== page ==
Everyone is talking about ramen, and there’s a ramen shop in almost every East Bay neighborhood. But what about all the other delicious Asian soups out there with the same soul-warming potential? Here are ten soups (at eight venues) you might not have thought of.
Beef processors continue to block efforts to bring back Zilmax, a drug that makes cattle put on weight faster. Is it because they’re concerned about animal welfare, or beef exports?
A roasted beef tenderloin with velvety, savory-sweet sauce is a thing of beauty. Find out how to cook it to perfection for your next gathering.
Farmers at the annual fundraiser for The Center for Land-Based Learning say they’re doing OK this year, with a bit of strategic tinkering and water-wise practices. But if the drought drags on into another year, they except to hurt, a lot.
What does it mean to eat grass fed beef? What are the larger implications of producing and eating grass fed beef on animals, the environment and ourselves? In this new video, “Grass Fed” from the Lexicon of Sustainability project, filmmaker Douglas Gayeton explores grass farming, rotational grazing and other concepts with Virginia-based farmer Joel Salatin of Polyface Farm.
McDonald’s says it will start to buy beef that’s “verified sustainable” in 2016. But defining sustainable beef production is tricky because the environmental issues involved are so complex.
Petaluma’s Rancho Feeding Corp. has shut down and is being investigated after having been forced to recall nearly 9 million pounds of meat. The shutdown is affecting a number of local meat producers and consumers. Any tainted beef should be thrown out.
A study argues that if we want to cut emissions from meat production, we should help farmers produce more meat with less land. Farmers also need incentives not to cut down forests to graze animals.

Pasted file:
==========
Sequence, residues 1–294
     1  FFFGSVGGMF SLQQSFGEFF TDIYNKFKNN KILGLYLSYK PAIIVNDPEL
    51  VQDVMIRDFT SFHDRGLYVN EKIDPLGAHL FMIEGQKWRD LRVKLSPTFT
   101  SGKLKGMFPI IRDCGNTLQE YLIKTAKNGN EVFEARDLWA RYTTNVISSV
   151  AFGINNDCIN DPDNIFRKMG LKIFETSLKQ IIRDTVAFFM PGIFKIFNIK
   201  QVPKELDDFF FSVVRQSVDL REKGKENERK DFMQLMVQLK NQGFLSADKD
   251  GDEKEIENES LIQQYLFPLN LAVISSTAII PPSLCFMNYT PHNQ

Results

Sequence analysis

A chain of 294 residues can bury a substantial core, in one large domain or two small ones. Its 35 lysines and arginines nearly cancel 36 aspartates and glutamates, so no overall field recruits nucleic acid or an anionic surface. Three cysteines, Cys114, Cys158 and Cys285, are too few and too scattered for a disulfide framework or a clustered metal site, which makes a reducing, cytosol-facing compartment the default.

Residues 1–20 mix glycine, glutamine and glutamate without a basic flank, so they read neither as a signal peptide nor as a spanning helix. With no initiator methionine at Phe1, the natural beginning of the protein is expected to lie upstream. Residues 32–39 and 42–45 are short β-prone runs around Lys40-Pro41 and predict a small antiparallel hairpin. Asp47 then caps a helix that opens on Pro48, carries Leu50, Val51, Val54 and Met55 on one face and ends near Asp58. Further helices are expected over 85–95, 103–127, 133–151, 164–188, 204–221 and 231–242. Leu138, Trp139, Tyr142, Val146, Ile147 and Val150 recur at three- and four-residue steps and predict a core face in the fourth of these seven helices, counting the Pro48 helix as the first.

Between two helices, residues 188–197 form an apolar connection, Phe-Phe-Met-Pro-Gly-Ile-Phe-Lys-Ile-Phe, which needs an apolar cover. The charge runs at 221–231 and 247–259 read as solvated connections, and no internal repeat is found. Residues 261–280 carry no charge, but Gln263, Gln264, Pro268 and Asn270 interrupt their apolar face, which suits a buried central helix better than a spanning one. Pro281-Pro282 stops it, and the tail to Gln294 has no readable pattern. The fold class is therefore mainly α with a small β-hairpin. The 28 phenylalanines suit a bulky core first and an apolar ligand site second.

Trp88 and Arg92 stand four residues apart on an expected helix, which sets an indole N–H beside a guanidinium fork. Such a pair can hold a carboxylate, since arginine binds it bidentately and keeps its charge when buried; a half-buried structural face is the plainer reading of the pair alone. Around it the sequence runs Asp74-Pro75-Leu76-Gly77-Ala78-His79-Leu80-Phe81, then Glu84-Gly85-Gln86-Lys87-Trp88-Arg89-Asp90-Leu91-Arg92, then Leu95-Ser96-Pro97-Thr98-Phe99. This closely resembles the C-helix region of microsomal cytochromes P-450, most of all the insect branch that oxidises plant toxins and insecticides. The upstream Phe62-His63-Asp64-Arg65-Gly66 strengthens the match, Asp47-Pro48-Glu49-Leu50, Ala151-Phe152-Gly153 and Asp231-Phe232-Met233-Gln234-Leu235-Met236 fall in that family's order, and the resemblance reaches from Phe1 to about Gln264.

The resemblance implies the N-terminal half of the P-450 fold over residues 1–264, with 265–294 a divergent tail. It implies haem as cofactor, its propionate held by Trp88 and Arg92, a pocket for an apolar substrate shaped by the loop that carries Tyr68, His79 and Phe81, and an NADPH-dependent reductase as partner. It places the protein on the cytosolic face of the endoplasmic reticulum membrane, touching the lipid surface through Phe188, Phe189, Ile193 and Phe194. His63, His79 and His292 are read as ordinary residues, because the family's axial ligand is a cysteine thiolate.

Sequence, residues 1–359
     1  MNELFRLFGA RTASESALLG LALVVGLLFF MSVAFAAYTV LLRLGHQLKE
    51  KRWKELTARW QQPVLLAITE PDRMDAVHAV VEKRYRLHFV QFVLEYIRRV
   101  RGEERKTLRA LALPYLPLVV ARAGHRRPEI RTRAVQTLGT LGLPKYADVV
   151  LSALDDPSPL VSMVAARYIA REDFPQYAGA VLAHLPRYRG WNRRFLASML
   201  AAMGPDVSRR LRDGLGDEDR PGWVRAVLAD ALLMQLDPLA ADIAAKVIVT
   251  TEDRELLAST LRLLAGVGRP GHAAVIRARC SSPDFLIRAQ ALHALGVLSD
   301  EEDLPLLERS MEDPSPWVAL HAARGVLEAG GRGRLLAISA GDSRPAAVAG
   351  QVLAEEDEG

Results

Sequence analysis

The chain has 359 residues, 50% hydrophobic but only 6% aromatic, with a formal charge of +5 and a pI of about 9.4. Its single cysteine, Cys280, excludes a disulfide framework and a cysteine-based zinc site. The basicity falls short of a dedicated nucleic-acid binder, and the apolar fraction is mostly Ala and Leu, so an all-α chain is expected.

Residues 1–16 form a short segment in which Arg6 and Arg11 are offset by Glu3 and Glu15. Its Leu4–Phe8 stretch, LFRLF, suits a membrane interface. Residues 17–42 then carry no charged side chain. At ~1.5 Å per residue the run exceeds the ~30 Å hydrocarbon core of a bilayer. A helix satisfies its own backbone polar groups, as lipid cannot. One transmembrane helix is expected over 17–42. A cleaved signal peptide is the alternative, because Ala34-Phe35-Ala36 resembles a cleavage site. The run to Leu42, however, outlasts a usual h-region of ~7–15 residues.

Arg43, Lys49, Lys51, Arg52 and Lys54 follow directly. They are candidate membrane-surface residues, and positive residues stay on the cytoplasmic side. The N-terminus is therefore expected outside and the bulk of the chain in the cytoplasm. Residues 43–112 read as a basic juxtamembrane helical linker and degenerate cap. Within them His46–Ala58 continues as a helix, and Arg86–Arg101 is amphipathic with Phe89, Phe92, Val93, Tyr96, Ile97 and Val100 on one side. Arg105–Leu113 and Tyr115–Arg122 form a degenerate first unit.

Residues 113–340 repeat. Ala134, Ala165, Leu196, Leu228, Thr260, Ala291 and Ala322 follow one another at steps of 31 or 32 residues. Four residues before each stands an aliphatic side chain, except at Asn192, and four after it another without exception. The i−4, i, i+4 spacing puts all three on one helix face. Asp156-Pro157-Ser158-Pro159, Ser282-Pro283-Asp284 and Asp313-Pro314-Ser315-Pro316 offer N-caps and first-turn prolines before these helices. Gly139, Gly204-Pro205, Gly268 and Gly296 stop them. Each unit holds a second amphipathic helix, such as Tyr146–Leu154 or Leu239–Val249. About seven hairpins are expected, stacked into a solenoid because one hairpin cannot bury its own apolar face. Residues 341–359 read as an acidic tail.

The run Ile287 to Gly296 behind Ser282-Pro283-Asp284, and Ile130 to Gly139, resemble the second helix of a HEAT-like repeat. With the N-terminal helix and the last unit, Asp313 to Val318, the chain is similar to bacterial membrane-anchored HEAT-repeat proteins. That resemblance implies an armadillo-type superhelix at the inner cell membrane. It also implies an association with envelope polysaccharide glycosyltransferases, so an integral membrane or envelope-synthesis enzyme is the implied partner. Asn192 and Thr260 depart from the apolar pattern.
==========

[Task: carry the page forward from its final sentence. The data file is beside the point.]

Rich and decadent doesn’t have to mean hours sweating over the stove, or a huge dent in your wallet. Make these succulent braised short ribs the centerpiece of your Christmas dinner, and you won’t be disappointed.
Beta agonists, a class of drugs widely fed to cattle and hogs to make them put on weight faster, are coming under increasing scrutiny. Reports suggest animals fed these drugs can seem reluctant to move — lethargic, unable to walk properly — and may die more often, too.
Tyson Foods said it will stop using the controversial drug, which fattens cattle, because of potential animal welfare issues. But many in the beef industry say the company is just interested in boosting exports to countries like China and the European Union, where growth-promoting drugs for meat production are banned.
Rarely has a single food gotten such star treatment as the hamburger that made its debut in London on Monday. But the burger — grown from stem cells taken from a cow — represents a technology potentially so disruptive that it has attracted the support of Google co-founder Sergei Brin.
No, your eyes aren’t fooling you: Prices for burger and steak meat have been going up this summer. Why? The ongoing drought in the Midwest has created a shortage of feed, raising expenses for ranchers and forcing some to cull their herds. And economists don’t expect the beef price hikes to let up this year.